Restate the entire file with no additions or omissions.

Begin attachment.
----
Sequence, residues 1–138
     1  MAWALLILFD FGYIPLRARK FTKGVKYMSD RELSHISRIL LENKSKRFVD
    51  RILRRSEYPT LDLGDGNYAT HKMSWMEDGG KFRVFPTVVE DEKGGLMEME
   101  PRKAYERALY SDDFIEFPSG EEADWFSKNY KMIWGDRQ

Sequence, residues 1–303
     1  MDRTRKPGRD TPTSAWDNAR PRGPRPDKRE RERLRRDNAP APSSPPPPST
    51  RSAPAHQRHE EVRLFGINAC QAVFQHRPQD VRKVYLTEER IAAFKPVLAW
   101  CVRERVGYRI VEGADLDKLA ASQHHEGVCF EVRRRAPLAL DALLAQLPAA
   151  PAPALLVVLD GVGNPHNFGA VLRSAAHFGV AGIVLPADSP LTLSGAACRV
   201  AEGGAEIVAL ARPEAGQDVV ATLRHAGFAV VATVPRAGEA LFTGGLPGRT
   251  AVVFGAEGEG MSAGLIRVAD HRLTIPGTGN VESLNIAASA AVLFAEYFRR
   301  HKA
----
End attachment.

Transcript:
Sequence, residues 1–138
     1  MAWALLILFD FGYIPLRARK FTKGVKYMSD RELSHISRIL LENKSKRFVD
    51  RILRRSEYPT LDLGDGNYAT HKMSWMEDGG KFRVFPTVVE DEKGGLMEME
   101  PRKAYERALY SDDFIEFPSG EEADWFSKNY KMIWGDRQ

Sequence, residues 1–303
     1  MDRTRKPGRD TPTSAWDNAR PRGPRPDKRE RERLRRDNAP APSSPPPPST
    51  RSAPAHQRHE EVRLFGINAC QAVFQHRPQD VRKVYLTEER IAAFKPVLAW
   101  CVRERVGYRI VEGADLDKLA ASQHHEGVCF EVRRRAPLAL DALLAQLPAA
   151  PAPALLVVLD GVGNPHNFGA VLRSAAHFGV AGIVLPADSP LTLSGAACRV
   201  AEGGAEIVAL ARPEAGQDVV ATLRHAGFAV VATVPRAGEA LFTGGLPGRT
   251  AVVFGAEGEG MSAGLIRVAD HRLTIPGTGN VESLNIAASA AVLFAEYFRR
   301  HKA